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Ennis Denzell was its suggester, the amiable Lady Denzell its chief promoter and provider, and Charles and I, Dora and Lucy Bell, principal managers and arrangers, in which latter also Ennis warmly aided us.

Ennis, in their open carriage, drove to our house soon after breakfast. Exceeding lovely she looked in her simple light muslin robe, and little winsome hat and plume of black and white feathers, floating on the soft breeze, suiting well her age and comeliness. Captain Bell made manifest his admiration, and throughout great part of the day devoted himself unto her. Very jealous was poor Charles; and-yea, I may safely relieve my silly heart by inditing my secret within the unseen page of this diary-sadly jealous was I. Howbeit I yielded not to the sinful feeling—no, thankful am I to think that determinately I withstood it. Albeit, the mortification was bitter, for heretofore I have been the recipient of George Bell's attentions. Truly-aye, truly—I love him, from a child, it seems to me, I have loved the good, kind-hearted fellow.



THE morning of our picnic had come, and brought with it such beautiful weather. Throughout the day it fulfilled its bright promises, and rendered our enjoyment complete to all save one. With a parting kiss to grandmamma, who was too great a sufferer from rheumatism to venture accompanying us, I proceeded to the hall by way of the adjoining drawing-rooms, the end one of which opened close upon the hall door.

As I approached I rather lingered upon hearing Jeffry's pompous voice speaking in slow, strongly emphasized words, and I feared being detained by visitors. I was quickly and amusingly undeceived.

"Now mind you keep in remembrance the

lessons I have taken such a deal of pains to teach you, Johnny," were the first words which met my ear, while standing beside the partially closed door; "a deal of pains, as you well know," repeated Jeffry, "and it will be your future duty, as it ought to be your pleasure also, to make a grateful return by practising what I have taught you. Do you understand me, or must I explain my meaning in more simple language?”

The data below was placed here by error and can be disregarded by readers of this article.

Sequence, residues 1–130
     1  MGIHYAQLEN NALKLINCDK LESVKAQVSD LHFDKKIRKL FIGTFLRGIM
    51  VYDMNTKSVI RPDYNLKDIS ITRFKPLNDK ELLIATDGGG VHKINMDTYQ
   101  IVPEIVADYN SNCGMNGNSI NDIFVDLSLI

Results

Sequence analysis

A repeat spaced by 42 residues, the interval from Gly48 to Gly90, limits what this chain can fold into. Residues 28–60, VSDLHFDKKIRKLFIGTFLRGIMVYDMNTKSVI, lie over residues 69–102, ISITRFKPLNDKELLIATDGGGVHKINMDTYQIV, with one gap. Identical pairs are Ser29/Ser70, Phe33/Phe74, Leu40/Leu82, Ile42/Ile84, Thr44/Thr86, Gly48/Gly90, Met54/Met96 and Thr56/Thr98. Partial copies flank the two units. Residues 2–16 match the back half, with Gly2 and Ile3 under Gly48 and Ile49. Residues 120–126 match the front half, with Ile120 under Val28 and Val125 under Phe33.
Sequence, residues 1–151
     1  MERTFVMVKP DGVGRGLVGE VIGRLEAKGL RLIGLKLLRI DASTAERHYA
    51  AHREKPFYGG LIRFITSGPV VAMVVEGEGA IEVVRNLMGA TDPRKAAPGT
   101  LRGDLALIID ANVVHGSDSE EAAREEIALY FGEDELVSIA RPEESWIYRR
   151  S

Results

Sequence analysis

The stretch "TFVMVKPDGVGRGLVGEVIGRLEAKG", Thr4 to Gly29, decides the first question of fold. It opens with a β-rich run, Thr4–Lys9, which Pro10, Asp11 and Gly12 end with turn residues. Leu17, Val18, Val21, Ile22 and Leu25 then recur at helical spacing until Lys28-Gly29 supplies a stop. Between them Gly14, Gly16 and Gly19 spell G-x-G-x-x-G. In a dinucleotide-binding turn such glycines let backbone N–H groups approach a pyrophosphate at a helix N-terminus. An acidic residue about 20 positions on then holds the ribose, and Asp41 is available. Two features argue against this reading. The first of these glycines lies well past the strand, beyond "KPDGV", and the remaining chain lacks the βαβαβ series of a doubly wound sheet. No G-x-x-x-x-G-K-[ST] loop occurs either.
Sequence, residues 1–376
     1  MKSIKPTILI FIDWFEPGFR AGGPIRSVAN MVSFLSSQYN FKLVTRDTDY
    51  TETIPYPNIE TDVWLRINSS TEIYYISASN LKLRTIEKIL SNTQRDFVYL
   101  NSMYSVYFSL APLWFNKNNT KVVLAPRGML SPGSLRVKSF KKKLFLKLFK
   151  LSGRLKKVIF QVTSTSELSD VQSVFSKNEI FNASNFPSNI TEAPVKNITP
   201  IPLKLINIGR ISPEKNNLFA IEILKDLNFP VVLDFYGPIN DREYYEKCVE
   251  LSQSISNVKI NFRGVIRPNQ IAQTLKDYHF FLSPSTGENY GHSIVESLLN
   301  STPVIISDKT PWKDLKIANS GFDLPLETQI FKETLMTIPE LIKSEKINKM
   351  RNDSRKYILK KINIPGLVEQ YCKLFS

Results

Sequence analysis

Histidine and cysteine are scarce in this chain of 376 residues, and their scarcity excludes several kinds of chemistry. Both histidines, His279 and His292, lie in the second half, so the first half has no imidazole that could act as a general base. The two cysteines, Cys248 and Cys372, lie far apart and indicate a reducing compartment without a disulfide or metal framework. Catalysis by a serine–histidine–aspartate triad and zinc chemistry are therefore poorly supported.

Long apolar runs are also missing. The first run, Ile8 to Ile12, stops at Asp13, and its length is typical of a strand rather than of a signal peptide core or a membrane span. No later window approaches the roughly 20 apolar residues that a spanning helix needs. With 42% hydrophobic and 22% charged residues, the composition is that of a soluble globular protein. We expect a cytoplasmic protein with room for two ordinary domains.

"Yes, sir, please," replied a small, humble voice.

"Yes, what?-that you understand me, or that I must speak more simply?"

"No, sir, please."

"Drat the boy!" exclaimed his master, forgetting his dignity; "which do you mean, I say?"

"Please, sir, I don't know."

"Johnny! Johnny! you are trying to provoke me, you young monkey!"

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"As I often say to you," resumed the easily pacified Jeffry, "be as quick as you like, but never-never get into a boostle! Mind that,

whatever you do, for as surely as you scramble into a boostle you will get into a mischiefremember that, Johnny; if you gets into a boostle you'll get into a mischief," added Jeffry, in the accents of a man immensely impressed by his own eloquence.


As our old butler's oration contained nothing he would, I knew, object to my hearing, I could not resist the pleasure of listening, and smiled to myself as I pictured his rotund form and face, more than ever inflated with official importance, looming down in the obscurity of great hall upon the slim figure of the little page boy. And how Johnny must be staring at him, I thought; his bright, round eyes half wondering, half perplexed, and wholly reverential, as they always were while under the discipline of his big master's teachings.

John Tucket was one of grandmamma's many charities—one of her many benevolent methods of assisting the poor towards the attainment of some desirable worldly advantage. Under the training of Thomas, the footman, and the punctilious but thoroughly kind-hearted Jeffry, John Tucket was breaking in for his launch

Thereupon I entered warmly into the subject of our gipsy excursion to the Bolton ruins, ten miles distant, and near which, in a beautiful wood, we were to encamp and dine, or lunch, as they might feel disposed. Charles, too, became apparently quite interested on the various matters touching persons to be, or not to be, invited, carriages, provisions, wines, &c., advising, suggesting, and offering, in a spirit of cheerful promptness and clear-sighted skill that was exactly the species of impetus I required to set me off smoothly and yet heartily.

"Sariann and you I can be sure of, then," said I; "but the rector, will he honour us by his presence, do you think? I should be so glad if he would.”

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No; excepting his good wishes, and any assistance in the carriage or victualling line, I fear you must expect nothing more from my father."

"Well, we must be content; and, oh, won't it be delightful!" exclaimed I, oblivious of womanly dignity, and bumping ecstatically on my chair. “Do you not long for the day, Charley?"

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